Management of Neonatal Opioid Withdrawal Syndrome with Eat, Sleep, Console: a systematic review and meta-analysis & Engagement and adherence with recommended developmental follow-up among infants with intrauterine opioid exposure
Duarte Mascarenhas, Ana Margarida
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CitationDuarte Mascarenhas, Ana Margarida. 2022. Management of Neonatal Opioid Withdrawal Syndrome with Eat, Sleep, Console: a systematic review and meta-analysis & Engagement and adherence with recommended developmental follow-up among infants with intrauterine opioid exposure. Master's thesis, Harvard Medical School.
AbstractWith the rise of the opioid epidemic across the United States, the rate of newborns affected by intrauterine opioid exposure, developing Neonatal Opioid Withdrawal Syndrome (NOWS), has almost doubled in the last decade, from 4.0 per 1000 birth hospitalizations in 2010 to 7.8 per 1000 in 2017. Infants who are diagnosed with NOWS have longer and more complicated birth hospitalizations, associated with increased healthcare expenditure and strain on families. The most commonly used treatment approach relies on a lengthy and impractical numerical scoring system, the Finnegan Neonatal Abstinence Scoring System, that has been used to determine cutoffs for pharmacological treatment initiation to manage withdrawal symptoms. In recent years, a function-based approach with a focus on non-pharmacological treatment has gained traction by limiting the assessment to the infant’s ability to perform its basic physiologic functions: to Eat, Sleep and Console (ESC). The ESC approach has been implemented in many centers across the U.S as part of quality improvement initiatives that report improved newborn outcomes, with decreased length of hospitalization and pharmacological treatment. These reports alone lack the methodological robustness to assess the effect of ESC on newborn outcomes and provide clear recommendations for management of NOWS. In Paper 1, we address this gap with a systematic review of the literature and meta-analysis to assess the effect of ESC approach for management of NOWS in the short-term outcomes, compared to standard treatment based on a version of FNASS.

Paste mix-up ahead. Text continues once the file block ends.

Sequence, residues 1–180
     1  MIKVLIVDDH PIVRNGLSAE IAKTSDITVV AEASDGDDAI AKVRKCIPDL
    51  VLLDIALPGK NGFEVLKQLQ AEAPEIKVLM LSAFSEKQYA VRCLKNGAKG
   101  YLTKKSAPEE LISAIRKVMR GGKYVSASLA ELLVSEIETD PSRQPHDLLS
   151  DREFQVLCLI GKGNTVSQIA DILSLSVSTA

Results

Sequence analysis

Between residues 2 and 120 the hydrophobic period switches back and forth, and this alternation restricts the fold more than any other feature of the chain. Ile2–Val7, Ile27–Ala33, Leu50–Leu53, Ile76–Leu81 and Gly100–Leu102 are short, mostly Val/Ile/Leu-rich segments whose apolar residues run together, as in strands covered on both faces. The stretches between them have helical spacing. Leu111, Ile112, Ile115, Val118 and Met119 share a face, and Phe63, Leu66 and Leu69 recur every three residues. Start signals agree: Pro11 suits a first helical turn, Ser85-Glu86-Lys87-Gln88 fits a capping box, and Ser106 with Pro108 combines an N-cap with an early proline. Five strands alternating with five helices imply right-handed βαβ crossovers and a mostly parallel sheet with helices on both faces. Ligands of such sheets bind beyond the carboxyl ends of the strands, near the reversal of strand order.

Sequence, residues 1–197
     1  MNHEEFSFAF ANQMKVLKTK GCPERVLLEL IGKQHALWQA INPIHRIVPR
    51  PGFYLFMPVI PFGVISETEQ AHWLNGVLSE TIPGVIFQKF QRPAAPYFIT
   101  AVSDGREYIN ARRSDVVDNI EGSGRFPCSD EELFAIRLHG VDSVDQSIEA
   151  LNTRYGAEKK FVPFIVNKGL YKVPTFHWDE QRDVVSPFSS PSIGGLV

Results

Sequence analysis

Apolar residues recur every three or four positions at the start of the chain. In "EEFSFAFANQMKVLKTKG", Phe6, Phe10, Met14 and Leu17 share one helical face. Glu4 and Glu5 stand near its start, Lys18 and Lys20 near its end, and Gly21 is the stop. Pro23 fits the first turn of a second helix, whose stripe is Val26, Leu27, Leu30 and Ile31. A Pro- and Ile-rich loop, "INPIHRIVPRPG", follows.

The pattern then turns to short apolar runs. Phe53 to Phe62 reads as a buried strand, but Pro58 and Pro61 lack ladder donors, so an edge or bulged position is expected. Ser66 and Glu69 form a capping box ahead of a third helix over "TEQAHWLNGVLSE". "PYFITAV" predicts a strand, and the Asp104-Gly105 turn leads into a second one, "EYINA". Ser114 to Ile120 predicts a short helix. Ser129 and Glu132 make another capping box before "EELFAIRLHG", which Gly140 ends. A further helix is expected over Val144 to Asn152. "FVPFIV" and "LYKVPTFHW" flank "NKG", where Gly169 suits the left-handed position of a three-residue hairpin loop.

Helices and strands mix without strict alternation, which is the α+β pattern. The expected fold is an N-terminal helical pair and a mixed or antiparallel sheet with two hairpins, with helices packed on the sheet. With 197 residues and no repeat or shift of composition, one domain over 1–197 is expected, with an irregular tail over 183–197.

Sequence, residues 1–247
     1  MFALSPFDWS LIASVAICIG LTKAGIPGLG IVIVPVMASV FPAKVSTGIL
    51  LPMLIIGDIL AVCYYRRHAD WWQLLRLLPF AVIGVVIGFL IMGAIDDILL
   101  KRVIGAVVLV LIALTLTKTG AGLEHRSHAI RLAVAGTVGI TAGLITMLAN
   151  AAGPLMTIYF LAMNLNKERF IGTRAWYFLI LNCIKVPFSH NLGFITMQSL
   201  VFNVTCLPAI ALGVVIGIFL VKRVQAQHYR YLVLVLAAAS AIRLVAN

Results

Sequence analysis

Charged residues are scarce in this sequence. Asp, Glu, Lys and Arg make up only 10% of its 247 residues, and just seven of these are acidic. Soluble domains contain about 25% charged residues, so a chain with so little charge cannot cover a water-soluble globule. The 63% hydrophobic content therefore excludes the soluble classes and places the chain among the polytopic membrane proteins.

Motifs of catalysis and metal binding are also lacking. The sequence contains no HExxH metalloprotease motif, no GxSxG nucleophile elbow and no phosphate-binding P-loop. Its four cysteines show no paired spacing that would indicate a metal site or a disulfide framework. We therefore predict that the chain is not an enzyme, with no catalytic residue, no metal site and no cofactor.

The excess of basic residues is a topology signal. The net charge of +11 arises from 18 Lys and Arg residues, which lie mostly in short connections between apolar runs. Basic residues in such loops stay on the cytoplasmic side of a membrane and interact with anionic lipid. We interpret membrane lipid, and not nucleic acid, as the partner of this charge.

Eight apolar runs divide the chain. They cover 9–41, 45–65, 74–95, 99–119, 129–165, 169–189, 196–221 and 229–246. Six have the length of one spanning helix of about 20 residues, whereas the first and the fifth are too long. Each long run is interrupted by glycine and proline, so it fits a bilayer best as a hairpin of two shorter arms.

The pediatric care for infants who were exposed to opioids in utero is not limited to the period of the birth hospitalization. Children with a history of opioid exposure are at higher risk for neurodevelopmental abnormalities, behavioral diagnoses, as well as lower cognitive and academic performance. In light of these concerns, opioid-exposed infants are recommended to have increased surveillance during the first years of life and engage in state-level Early Intervention (EI) services and hospital-based Developmental Follow-up (DFU) clinics, that conduct formal developmental assessments and provide tailored interventions to address the infant’s needs. However, there is lower adherence to standard pediatric care visits in this population and the engagement in the two recommended developmental services is mostly unknown. Furthermore, the factors that promote successful engagement of opioid-exposed infants in these interventions have not yet been identified. In Paper 2, we describe the engagement and adherence to the recommended developmental surveillance services in a retrospective cohort, as well as report the maternal, infant and pediatric care characteristics associated with higher engagement.
Citable link to this pagehttps://nrs.harvard.edu/URN-3:HUL.INSTREPOS:37371570
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